P55. Having thought about your interests, you should go into a meeting not only with one or more specific options that would meet your legitimate interests but also with an open mind. An open mind is not an empty one. Be hard on the problem and soft on the people. You can be just as hard in talking about your interests as any negotiator can be in talking about their position. In fact, it is usually advisable to be hard. It may not be wise to commit yourself to your position, but it is wise to commit yourself to your interests. This is the place in a negotiation to spend your aggressive energies. The other side being concerned with expectations of the range of possible agreements. Often the wisest solutions, those that produce the maximum gain for you at the minimum cost to the other side, are produced only by strongly advocating your interests. Two negotiators, each pushing hard for their interests, will often stimulate each other's creativity in thinking up mutually advantageous solutions.
P58. Yet all too often negotiators end up like the proverbial children who quarreled over an orange. After they finally agreed to divide the orange in half, the first child took one half of the fruit and threw away the peel, while the other threw away the fruit and used the peel from the second half to bake a cake. All too often, negotiators "leave money on the table."
P62. To invent creative options, then, you will need to (1) separate the act of inventing options from the act of judging them, (2) broaden the options on the table rather than look for a single answer; (3) search for mutual gains; and (4) invent ways of making their decisions easy.
P63. Before brainstorming:
Define your purpose.
Choose a few participants.
Change the environment.
Design an informal atmosphere.
Choose a facilitator.
P88. Having identified some objective criteria and procedures, how do you go about discussing them with the other side? There are three basic points to remember:
Frame each issue as a joint search for objective criteria.
Reason and be open to reason as to which standards are most appropriate and how they should be applied.
Never yield to pressure, only to principle.
P102. The reason you negotiate is to produce something better than the results you can obtain without negotiating. What are the results? What is that alternative? What is your BATNA—your Best Alternative To a Negotiated Agreement? That is the standard against which any proposed agreement should be measured. That is the only standard that can protect you both from accepting terms that are too unfavorable and from rejecting terms it would be in your best interest to accept.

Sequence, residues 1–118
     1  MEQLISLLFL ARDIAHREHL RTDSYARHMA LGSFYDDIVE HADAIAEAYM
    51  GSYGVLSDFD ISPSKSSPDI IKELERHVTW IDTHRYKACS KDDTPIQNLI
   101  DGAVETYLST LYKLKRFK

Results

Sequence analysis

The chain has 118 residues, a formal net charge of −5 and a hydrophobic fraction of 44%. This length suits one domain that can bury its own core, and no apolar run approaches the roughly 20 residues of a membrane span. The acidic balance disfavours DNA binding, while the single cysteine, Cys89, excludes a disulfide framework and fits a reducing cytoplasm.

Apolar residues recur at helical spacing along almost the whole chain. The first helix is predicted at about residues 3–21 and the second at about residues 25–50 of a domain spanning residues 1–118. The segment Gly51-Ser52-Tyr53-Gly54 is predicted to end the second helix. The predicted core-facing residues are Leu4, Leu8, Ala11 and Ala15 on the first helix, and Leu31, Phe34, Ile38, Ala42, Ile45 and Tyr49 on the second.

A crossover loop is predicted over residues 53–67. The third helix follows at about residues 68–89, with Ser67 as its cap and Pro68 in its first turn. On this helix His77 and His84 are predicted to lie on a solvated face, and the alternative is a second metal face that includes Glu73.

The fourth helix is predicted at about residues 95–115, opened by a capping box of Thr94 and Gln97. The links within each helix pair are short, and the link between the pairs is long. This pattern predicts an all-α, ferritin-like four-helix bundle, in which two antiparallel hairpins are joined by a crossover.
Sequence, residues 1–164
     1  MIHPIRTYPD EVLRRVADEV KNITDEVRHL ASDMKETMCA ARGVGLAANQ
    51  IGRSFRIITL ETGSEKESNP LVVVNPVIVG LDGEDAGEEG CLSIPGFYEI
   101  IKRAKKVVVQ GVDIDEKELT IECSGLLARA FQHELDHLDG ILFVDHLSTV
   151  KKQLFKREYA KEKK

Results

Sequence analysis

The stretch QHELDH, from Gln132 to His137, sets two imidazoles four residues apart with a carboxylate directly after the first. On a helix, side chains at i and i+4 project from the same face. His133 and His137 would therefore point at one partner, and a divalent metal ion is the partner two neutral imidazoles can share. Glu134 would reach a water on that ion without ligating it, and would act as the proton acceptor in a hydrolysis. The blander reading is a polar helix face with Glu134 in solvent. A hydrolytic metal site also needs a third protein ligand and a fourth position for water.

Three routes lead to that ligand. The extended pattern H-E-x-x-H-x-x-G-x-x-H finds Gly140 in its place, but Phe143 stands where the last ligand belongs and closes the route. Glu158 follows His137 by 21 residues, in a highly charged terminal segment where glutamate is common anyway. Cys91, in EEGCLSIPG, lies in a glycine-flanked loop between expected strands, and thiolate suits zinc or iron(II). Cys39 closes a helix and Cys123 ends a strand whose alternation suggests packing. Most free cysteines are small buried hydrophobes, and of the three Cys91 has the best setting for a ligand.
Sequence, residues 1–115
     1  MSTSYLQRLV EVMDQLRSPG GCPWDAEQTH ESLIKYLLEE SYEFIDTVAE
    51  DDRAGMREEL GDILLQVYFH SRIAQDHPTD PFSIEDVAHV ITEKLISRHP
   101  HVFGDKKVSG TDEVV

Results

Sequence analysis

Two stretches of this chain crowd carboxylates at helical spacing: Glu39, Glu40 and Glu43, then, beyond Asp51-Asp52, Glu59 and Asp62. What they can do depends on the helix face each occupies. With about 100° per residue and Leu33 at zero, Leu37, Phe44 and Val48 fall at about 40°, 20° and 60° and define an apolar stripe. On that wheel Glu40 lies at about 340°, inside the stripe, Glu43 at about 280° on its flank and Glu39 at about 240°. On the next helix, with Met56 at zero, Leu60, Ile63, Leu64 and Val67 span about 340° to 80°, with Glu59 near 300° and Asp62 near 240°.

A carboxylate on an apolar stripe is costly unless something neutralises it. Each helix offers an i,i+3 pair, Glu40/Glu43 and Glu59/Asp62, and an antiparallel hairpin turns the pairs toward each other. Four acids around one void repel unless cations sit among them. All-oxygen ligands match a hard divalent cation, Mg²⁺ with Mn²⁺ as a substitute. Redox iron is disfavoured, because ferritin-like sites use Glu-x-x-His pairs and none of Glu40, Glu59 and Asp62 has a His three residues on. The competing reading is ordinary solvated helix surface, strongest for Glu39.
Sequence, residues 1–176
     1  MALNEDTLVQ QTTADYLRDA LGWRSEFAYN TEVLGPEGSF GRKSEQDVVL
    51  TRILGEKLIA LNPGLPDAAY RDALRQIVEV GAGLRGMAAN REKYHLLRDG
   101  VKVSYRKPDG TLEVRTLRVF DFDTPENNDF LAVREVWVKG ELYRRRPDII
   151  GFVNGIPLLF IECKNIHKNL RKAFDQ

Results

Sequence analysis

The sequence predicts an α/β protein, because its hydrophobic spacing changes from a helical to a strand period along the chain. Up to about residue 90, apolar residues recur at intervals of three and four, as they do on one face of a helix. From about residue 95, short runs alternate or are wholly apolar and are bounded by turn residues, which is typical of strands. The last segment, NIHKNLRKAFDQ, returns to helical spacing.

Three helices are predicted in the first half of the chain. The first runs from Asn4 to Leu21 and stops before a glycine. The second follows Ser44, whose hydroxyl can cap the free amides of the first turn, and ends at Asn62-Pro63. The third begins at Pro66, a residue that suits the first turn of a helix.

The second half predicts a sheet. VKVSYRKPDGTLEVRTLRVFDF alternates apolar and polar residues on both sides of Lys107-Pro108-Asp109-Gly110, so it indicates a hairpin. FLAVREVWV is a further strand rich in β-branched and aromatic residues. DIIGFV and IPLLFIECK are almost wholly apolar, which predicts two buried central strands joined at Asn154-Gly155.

P104. The better your BATNA, the great your power. People think of negotiating power as being determined by resources like wealth, political connections, physical strength, friends, and military might. In fact, the relative negotiating power of two parties depends primarily upon how attractive to each is the option of not reaching an agreement. Think for a moment about how you would feel walking into a job interview with no other offers—only some uncertain leads. Think how the talk about salary would go. Now contrast that with how you would feel walking in with two other job offers. How would that salary negotiation proceed? The difference is power.
P105. Develop your BATNA. Vigorous exploration of what you will do if you do not reach an agreement can greatly strengthen your hand. Attractive alternatives are not just sitting there waiting for you; you usually have to develop them. Generating possible BATNAs requires three distinct operations (1) inventing a list of actions you might conceivably take if no agreement is reached; (2) improving some of the more promising ideas and converting them into practical alternatives; and (3) selecting tentatively, the one alternative that seems best.
P110. If pushing back does not work, what does? How can you prevent the cycle of action and reaction? Do not push back. When they assert their positions, do not reject them. When they attack your ideas, don't defend them. When they attack you, don't counterattack. Break the vicious cycle by refusing to react. Instead of pushing back, sidestep their attack and deflect it against the problem. As in the oriental martial arts of judo and jujitsu, avoid pitting your strength against theirs directly; instead, use your skill to step aside and turn their strength to your end. Rather than resisting their force, channel it into exploring interests, inventing options for mutual gain, and searching for independent standards. How does "negotiation jujitsu" work in practice? How do you sidestep their attack and deflect it against the problem? Typically their "attack" will consist of three maneuvers: asserting their position forcefully, attacking your ideas, and attacking you. Let's consider how a principled negotiator can deal with each of these. Don't attack their position; look behind it. When the other side sets forth their position, neither reject it nor accept it. Treat it as one possible option. Look for the interests behind it, seek out the principles that it reflects, and think about ways to improve it.
P113. Ask questions and pause. Those engaged in negotiation jujitsu use to key tools. The first is to use questions instead of statements. Statements generate resistance, whereas questions generate answers. Questions allow the other side to get their points across and let you understand them. They pose challenges and can be used to lead the other side to confront the problem. Questions offer them no target to strike at, no position to attack. Questions do not criticize; they educate. "Do you think it would be better to have teachers cooperating in a process they felt they were participating in or actively resisting one they felt was imposed on them and failed to take their concerns into account?" Silence is one of your best weapons. Use it. If they have made an unreasonable proposal or an attack you regard as unjustified, the best thing to do may be to sit there and not say a word. If you asked an honest question to which they have provided an insufficient answer, just wait. People tend to feel uncomfortable with silence, particularly if they have doubts about the merits of something they have said.